Santa The Super-Spreader, Kills 18 In Belgian Nursing Home

A man dressed as St. Nicolas in early December visited a nursing home in Belgium to spread holiday cheer to lonely, isolated seniors, but according to authorities, that wasn’t the only thing he was spreading. 

A tragedy is unfolding at the Hemelrijck nursing home in Mol, a town 31 miles east of Antwerp in Belgium, following a coronavirus infected Santa Claus. He visited the nursing home on Dec. 4.

In three weeks, the virus spread through the facility like wildfire, infecting 121 residents and 36 staff and claiming 18 lives, according to RT News

Three days after the man’s visit, who also happens to be the son of one of the residents, he developed flu-like symptoms and tested positive for COVID-19. 

At the time, Mol Mayor Wim Caeyers assured the public that the spread through the long-term healthcare facility was under control. He said even though the visit of Saint-Nicholas was not coordinated with local health authorities, guidelines on mitigating the virus’ spread had been followed. 

Days later, photos from the visit emerged, showing Santa and his helper, another volunteer, both wearing surgical masks, standing well within the safe range of six feet of some seniors at the facility who weren’t wearing masks.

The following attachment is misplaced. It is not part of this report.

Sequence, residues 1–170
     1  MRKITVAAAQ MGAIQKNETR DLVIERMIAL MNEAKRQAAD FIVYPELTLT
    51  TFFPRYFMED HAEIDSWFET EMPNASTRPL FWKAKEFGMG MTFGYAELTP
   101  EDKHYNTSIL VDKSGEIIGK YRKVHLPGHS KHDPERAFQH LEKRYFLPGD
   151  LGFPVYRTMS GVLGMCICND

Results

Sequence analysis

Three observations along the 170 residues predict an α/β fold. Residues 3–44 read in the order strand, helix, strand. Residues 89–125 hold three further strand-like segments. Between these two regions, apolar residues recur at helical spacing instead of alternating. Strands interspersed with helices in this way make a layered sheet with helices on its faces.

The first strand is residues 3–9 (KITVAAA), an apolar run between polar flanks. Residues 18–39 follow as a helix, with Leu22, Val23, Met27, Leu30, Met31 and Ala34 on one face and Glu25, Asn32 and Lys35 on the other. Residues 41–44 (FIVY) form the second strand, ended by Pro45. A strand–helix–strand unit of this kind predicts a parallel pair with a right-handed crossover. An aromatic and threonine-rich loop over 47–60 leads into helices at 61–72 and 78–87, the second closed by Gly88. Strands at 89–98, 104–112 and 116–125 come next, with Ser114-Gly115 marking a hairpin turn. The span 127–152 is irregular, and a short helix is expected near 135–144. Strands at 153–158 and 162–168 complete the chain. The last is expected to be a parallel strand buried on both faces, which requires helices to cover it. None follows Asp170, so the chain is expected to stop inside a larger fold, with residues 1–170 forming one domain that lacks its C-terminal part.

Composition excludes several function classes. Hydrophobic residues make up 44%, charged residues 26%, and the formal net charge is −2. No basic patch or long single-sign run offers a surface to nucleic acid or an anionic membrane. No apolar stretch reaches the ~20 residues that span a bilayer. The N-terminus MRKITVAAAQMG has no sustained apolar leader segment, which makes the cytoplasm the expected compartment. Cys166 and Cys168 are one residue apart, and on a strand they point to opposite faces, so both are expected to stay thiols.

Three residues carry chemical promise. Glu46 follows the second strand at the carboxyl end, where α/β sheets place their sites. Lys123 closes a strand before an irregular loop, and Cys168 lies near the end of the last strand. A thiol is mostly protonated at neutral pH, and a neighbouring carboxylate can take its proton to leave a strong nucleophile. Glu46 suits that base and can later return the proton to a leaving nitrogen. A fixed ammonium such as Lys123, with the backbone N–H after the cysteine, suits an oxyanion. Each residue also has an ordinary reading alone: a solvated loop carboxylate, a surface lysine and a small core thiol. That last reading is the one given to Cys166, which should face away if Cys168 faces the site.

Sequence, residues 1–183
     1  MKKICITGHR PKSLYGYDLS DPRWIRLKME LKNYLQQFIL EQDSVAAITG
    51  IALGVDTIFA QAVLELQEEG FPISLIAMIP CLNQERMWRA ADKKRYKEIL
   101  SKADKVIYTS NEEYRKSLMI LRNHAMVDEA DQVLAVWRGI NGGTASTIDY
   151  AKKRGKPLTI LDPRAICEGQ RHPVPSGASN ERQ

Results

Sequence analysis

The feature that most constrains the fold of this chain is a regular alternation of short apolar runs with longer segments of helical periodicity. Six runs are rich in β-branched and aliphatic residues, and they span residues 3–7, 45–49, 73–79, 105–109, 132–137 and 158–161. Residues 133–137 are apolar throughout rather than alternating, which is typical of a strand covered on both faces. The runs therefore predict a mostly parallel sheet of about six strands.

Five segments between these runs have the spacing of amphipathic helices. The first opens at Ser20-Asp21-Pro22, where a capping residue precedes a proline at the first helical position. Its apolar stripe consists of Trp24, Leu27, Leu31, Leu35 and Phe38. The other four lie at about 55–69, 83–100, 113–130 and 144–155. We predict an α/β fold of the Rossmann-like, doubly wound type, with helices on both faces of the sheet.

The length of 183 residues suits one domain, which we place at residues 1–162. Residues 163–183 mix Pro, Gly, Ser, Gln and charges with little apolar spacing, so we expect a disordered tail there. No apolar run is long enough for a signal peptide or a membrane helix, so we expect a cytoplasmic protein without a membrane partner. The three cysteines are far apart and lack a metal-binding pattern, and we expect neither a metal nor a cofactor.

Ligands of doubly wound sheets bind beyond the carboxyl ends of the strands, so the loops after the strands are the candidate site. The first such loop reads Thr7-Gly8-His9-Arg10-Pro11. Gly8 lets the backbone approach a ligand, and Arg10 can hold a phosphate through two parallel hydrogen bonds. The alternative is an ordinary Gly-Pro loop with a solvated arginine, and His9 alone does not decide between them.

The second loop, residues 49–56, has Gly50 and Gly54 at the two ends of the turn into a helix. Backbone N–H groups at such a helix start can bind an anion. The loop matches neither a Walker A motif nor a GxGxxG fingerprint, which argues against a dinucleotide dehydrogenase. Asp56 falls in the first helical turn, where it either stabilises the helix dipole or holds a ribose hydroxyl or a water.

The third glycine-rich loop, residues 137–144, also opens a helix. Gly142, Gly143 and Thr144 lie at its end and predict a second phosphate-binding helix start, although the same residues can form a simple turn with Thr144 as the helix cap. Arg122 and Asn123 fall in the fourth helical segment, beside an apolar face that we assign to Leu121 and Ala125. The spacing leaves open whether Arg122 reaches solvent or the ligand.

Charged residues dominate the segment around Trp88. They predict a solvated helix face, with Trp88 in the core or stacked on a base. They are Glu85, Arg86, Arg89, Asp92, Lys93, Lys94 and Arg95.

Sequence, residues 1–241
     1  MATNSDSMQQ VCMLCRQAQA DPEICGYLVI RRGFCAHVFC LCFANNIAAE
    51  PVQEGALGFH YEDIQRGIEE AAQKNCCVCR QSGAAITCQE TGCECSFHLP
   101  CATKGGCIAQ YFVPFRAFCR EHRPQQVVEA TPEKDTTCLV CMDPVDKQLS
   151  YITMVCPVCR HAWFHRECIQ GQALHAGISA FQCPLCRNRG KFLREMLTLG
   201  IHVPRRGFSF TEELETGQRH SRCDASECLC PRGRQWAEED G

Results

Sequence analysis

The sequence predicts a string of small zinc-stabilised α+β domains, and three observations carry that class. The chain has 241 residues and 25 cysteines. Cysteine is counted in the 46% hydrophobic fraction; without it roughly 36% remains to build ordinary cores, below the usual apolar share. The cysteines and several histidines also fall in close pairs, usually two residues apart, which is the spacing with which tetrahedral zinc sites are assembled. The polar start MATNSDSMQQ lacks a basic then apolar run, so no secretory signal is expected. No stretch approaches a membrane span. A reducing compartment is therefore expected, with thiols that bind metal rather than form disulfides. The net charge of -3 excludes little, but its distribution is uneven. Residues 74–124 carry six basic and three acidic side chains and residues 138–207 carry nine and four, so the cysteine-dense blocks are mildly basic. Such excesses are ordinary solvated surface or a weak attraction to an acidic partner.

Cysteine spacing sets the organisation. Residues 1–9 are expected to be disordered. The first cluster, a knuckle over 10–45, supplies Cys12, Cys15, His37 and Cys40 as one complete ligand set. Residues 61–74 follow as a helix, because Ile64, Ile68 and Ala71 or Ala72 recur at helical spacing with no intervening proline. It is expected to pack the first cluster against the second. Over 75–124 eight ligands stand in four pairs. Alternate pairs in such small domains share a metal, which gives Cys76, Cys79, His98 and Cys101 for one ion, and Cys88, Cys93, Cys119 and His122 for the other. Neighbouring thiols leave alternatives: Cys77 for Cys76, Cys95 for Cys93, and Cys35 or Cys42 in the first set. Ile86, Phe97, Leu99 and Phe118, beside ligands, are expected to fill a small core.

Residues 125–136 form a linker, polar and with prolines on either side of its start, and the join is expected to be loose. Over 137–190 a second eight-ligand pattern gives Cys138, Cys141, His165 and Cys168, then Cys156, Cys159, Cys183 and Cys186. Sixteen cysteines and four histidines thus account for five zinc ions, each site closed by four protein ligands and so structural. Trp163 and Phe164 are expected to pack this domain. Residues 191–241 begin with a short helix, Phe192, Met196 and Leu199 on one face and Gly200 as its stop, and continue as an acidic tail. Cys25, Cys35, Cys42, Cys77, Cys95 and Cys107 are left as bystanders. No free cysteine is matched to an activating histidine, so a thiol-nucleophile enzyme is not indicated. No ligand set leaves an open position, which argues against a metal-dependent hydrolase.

Caeyers became outraged at Hemelrijck’s management for misleading him about the visit. 

“We realize that the management organized this with the best of intentions and did try to respect the measures,” he said, adding that there could have been more social-distancing protocols implemented during the visit. “But what’s done is done,” he concluded.

A spokesman for Armonea, the company which manages the nursing home, said, “the team is very shocked by what happened, but that also makes them very motivated to get the virus out again.”

Marc Van Ranst, one of Belgium’s top virologists at KU Leuven university, said the entire visit was a “stupid idea.” He said the man might have been infected by a resident or a staff member due to his frequent volunteering at the facility, adding that poor ventilation may have resulted in the further spread. 

Caeyers said: “We’re expecting up to ten difficult days,” adding that “several laboratories are currently trying to determine the source of the infections, but I have not yet received results.”

Belgium has been slammed by the virus pandemic’s second wave that pushed its healthcare system to the limit. As a result, government officials introduced a partial lockdown to mitigate further spreading. 

To make matters worse, a team of researchers at Goldman Sachs recently noted to clients that winter in the Northern Hemisphere would result in more virus cases, not just in Europe but also in the US. 

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